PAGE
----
In this introduction to the Review of International Political Economy special issue on the hidden costs of global supply chains, they analyse key trends in the effectiveness of private governance solutions, drawing on our literature review of 290 academic journal articles and contributions within this collection. They argue that not only are global supply chain solutions falling short when it comes to many of the indicators that matter most, but they come with hidden costs – including unintended consequences, perverse effects, and unacknowledged impacts.
The Global Reporting Centre works closely with academic researchers to broaden our understanding of complex issues.
This article examines hidden costs of three prominent mineral supply chain ‘solutions’ that respectively aim to create ‘conflict-free’ minerals, curtail corruption, and reduce mercury pollution. This article underscores the heterogeneous ways in which global capitalism shapes regulatory injustices spanning multiple scales, illustrating how ‘clean’ mineral supply chain schemes can hide inequitable territorial and economic regimes of accumulation and labour exploitation resulting in social harms for artisanal and small-scale mining communities, negative environmental impacts, and the reproduction of extractive political economies dominated by large corporations.
Artificial intelligence (AI) is set to greatly enhance the productivity and efficiency of global supply chains over the next decade. Transnational corporations are hailing these gains as a ‘game changer’ for advancing environmental sustainability. Yet, looking through a political economy lens, it is clear that AI is not advancing sustainability nearly as much as industry leaders are claiming. As this article argues, the metrics and rhetoric of corporate social responsibility are exaggerating the benefits and obscuring the costs of AI.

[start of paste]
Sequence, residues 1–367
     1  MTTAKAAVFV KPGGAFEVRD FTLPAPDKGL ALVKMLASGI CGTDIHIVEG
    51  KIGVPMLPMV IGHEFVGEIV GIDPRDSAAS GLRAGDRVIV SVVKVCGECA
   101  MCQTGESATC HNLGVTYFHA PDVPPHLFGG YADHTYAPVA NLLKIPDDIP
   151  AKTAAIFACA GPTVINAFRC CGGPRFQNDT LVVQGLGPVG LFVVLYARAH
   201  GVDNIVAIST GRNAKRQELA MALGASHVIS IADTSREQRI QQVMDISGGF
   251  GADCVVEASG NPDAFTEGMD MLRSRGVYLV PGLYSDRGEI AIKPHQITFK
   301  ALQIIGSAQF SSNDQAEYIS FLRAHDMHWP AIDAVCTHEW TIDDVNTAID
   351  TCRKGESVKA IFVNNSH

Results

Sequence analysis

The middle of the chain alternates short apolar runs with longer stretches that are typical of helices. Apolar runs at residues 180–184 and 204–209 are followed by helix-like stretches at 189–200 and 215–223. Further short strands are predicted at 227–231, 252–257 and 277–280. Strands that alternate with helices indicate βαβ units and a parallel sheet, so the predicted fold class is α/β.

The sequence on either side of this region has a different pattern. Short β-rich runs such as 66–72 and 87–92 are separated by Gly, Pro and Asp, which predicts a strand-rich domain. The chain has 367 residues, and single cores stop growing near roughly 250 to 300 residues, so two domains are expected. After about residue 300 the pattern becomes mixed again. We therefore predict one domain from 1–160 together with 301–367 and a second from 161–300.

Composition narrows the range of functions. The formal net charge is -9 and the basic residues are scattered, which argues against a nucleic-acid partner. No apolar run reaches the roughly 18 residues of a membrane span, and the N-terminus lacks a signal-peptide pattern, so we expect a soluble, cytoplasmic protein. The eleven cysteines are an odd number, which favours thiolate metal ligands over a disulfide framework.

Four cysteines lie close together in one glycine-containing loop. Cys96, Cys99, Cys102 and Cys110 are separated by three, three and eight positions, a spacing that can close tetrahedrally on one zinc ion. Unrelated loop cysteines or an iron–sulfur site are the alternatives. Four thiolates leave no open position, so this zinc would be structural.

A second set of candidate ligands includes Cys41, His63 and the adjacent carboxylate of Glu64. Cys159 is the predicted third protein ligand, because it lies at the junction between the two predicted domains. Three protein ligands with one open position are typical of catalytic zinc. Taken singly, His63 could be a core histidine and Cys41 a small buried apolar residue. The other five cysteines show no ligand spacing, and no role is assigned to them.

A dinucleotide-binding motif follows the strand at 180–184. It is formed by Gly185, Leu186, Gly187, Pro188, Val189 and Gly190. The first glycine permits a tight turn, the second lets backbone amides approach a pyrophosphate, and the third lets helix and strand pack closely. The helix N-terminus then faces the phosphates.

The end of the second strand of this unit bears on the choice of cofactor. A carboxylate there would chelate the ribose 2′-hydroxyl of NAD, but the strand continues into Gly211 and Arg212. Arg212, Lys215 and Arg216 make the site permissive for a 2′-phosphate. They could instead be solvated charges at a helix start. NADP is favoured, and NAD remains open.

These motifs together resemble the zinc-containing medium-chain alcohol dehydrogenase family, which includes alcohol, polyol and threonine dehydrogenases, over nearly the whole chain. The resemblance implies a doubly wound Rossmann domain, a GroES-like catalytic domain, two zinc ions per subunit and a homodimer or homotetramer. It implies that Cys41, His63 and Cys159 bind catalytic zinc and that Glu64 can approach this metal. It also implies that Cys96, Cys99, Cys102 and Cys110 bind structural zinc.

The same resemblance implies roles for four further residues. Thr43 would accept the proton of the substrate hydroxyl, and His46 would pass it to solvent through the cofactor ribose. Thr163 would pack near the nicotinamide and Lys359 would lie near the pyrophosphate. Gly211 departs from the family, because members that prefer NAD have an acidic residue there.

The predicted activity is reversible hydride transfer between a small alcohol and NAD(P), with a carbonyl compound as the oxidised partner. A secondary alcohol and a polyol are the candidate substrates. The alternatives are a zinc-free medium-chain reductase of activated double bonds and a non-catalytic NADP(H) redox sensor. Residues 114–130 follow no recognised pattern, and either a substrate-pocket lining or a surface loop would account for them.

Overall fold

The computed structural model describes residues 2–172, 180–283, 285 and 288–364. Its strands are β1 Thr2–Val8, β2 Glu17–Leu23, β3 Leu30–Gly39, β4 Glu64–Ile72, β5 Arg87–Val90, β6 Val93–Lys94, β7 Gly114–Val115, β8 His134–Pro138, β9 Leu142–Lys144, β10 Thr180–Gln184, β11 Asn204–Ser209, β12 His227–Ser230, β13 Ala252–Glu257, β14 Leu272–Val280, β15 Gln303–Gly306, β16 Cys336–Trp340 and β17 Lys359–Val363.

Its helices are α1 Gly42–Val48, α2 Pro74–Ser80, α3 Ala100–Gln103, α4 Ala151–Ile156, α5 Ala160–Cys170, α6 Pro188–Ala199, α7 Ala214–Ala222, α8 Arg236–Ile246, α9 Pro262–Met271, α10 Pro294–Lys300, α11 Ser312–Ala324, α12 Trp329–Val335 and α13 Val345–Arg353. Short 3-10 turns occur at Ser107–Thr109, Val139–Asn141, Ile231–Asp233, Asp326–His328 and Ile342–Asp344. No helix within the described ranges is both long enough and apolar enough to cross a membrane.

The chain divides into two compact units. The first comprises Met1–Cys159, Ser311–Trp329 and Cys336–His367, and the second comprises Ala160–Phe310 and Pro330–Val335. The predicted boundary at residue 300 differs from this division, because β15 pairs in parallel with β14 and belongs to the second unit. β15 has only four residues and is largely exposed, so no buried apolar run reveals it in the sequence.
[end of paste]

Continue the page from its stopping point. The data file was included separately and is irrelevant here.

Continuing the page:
This paper argues that value chain-oriented forms of sustainability governance are not addressing the environmental problems they are putatively designed to solve. This is an Accepted Manuscript of an article published by Taylor & Francis Group in Review of International Political Economy on 14/09/2020, available here.
Local power struggles and the ‘hidden costs’ of global tin supply chain governance. This is a pre-print version of an article published by Taylor & Francis Group in Review of International Political Economy on 04/09/2020, available here.
Briefly visiting communities as an outsider, overlooking local and cultural nuances, and prioritizing “audiences back home” can make the “parachute reporting” model of journalism problematic. Instead, we developed an approach called “empowerment journalism. This is an Accepted Manuscript of an article published by Taylor & Francis Group in Journalism Studies on 31/07/2019, available here.
This project focuses on the realities and constraints of editorial agency by fixers. This is an Accepted Manuscript of an article published by Taylor & Francis Group in Journalism Studies on 31/07/2019, available here.